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The boom and bust cities of 2015

Rick Newman
Columnist

You probably don’t need to be told this, but the Silicon Valley economy is still going gangbusters. More encouraging: other regions are, too.

The Milken Institute’s annual list of the best-performing American cities is an intriguing snapshot of who’s thriving and who’s not, and the latest rankings reveal a few surprises amid the obvious. The top-performing city—no drum roll needed—is San Jose, Calif., a proxy for Silicon Valley. No. 2 is San Francisco, about 30 miles north. “Our best-performing metros clearly have the innovation advantage,” Ross DeVol of the Milken Institute tells me in the video above. “The creative, softer side of technology as well as the hardware side.”

Silicon Valley has no monopoly on prosperity, though. Some other findings from the report:

Tech hubs outside California are thriving, too. They include Provo, Austin, Raleigh, and Boulder. That’s good news for techies who want to cash in on good salaries and plentiful jobs but avoid the high cost of living in northern California. And it means tech businesses can still find talent in cheaper locales with looser regulations on business than super-strident California.

 

Florida is back. The Sunshine State tied California for having the most cities that improved in the rankings since last year. While tech is the big story in California, Florida’s resurgence seems to be driven by a dramatic improvement in the once-wrecked housing market. Among Florida’s most-improved cities: Port St. Lucie, Gainseville, Lakeland, and Ocala.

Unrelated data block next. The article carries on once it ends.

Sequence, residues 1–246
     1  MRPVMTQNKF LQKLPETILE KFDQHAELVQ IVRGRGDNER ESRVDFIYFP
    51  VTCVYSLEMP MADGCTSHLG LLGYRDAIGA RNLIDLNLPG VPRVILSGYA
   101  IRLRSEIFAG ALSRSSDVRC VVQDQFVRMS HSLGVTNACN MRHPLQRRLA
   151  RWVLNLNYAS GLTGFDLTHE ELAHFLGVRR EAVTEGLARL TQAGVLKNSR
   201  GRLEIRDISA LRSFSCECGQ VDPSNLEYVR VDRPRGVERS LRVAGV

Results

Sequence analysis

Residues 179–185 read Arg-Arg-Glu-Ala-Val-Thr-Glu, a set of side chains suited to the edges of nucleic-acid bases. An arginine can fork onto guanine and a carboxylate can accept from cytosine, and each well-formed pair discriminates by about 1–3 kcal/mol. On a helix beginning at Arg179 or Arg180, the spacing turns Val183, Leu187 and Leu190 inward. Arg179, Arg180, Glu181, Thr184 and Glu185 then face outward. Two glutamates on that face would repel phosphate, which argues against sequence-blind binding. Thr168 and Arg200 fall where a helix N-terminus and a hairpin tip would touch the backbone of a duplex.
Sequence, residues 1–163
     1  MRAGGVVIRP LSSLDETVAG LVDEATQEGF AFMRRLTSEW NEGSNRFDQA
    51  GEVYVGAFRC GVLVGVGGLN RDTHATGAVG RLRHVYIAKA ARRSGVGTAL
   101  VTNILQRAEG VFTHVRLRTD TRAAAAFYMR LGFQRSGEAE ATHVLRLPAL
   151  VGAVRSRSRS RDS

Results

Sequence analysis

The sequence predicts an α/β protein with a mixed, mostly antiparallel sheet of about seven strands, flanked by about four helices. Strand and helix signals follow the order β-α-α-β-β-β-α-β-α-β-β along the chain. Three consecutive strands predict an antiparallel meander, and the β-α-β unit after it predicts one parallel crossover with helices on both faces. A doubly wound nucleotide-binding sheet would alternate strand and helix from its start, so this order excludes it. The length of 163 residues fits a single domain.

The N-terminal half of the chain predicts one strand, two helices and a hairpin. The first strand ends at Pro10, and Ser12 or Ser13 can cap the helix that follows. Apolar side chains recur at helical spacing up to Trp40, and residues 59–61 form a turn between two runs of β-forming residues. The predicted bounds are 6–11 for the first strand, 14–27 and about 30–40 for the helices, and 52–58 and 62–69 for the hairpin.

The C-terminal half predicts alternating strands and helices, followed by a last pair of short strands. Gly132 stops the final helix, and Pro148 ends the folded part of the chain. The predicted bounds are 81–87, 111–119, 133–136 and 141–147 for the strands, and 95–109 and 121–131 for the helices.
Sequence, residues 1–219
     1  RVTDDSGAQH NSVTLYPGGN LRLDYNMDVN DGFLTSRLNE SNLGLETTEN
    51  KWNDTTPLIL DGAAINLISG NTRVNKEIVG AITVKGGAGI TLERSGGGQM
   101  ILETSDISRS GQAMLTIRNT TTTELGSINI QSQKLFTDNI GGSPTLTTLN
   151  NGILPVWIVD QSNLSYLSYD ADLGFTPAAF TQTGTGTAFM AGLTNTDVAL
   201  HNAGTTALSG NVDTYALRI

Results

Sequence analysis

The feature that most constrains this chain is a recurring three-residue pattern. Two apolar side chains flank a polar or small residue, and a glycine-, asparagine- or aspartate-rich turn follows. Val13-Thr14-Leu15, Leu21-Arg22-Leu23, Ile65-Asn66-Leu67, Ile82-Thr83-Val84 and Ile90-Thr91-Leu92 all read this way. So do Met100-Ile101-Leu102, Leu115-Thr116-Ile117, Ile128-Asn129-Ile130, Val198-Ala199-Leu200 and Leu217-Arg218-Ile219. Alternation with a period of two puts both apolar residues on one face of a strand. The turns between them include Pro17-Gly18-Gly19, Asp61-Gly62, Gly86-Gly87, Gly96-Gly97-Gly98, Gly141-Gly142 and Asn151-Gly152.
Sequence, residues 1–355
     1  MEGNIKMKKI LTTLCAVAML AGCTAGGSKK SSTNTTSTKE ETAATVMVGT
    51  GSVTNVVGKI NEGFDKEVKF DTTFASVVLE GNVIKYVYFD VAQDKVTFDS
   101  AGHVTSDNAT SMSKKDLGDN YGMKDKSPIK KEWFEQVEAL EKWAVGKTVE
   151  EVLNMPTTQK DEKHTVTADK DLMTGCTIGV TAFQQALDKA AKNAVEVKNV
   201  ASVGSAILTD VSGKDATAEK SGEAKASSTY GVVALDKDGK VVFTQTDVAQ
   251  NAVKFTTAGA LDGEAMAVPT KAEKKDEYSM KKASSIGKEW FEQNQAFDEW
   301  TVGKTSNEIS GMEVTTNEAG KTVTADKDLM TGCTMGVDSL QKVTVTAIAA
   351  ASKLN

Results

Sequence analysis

Texas and North Dakota are hanging in there. These two states boomed during the shale-oil revolution, but the plunge in crude prices has brought hard times to some corners of the oil patch. Still, a diversified economy kept Dallas at No. 5 in the 2015 rankings, with Houston a respectable 26. Fargo, N.D., ranked No. 1 among best-performing small cities, with the economy there expanding beyond oil into education, healthcare, finance, and insurance. Bismarck was No. 2 among small cities, on account of similar diversification.

The auto industry is booming—but not where you might think. Strong auto sales this year have helped auto-dependent cities such as Nashville, Columbus, Ind., Charleston, S.C. and Bend, Ore. But traditional auto hubs such as Detroit, Dayton, and Kansas City, Mo., are still far from the top due to overcapacity and a move away from unionized plants.

 

The strong dollar is hurting Main Street. A drop in exports—due largely to the strength of the dollar against foreign currencies—pushed trade-reliant cities such as Los Angeles (home to America’s biggest port) and Peoria, Ill. (where Caterpillar is based) far down the best-performing list.

The energy bust is causing pain. Once-booming burbs such as Lafayette, La., New Orleans and Tulsa now top the list of cities falling by the most in the Milken rankings. Plunging crude prices have shredded jobs and company profitability in energy-dependent metros, with 2016 not looking much better. But if energy recovers like housing someday, look for these cities to be on top once again.

Rick Newman’s latest book is Liberty for All: A Manifesto for Reclaiming Financial and Political Freedom. Follow him on Twitter: @rickjnewman.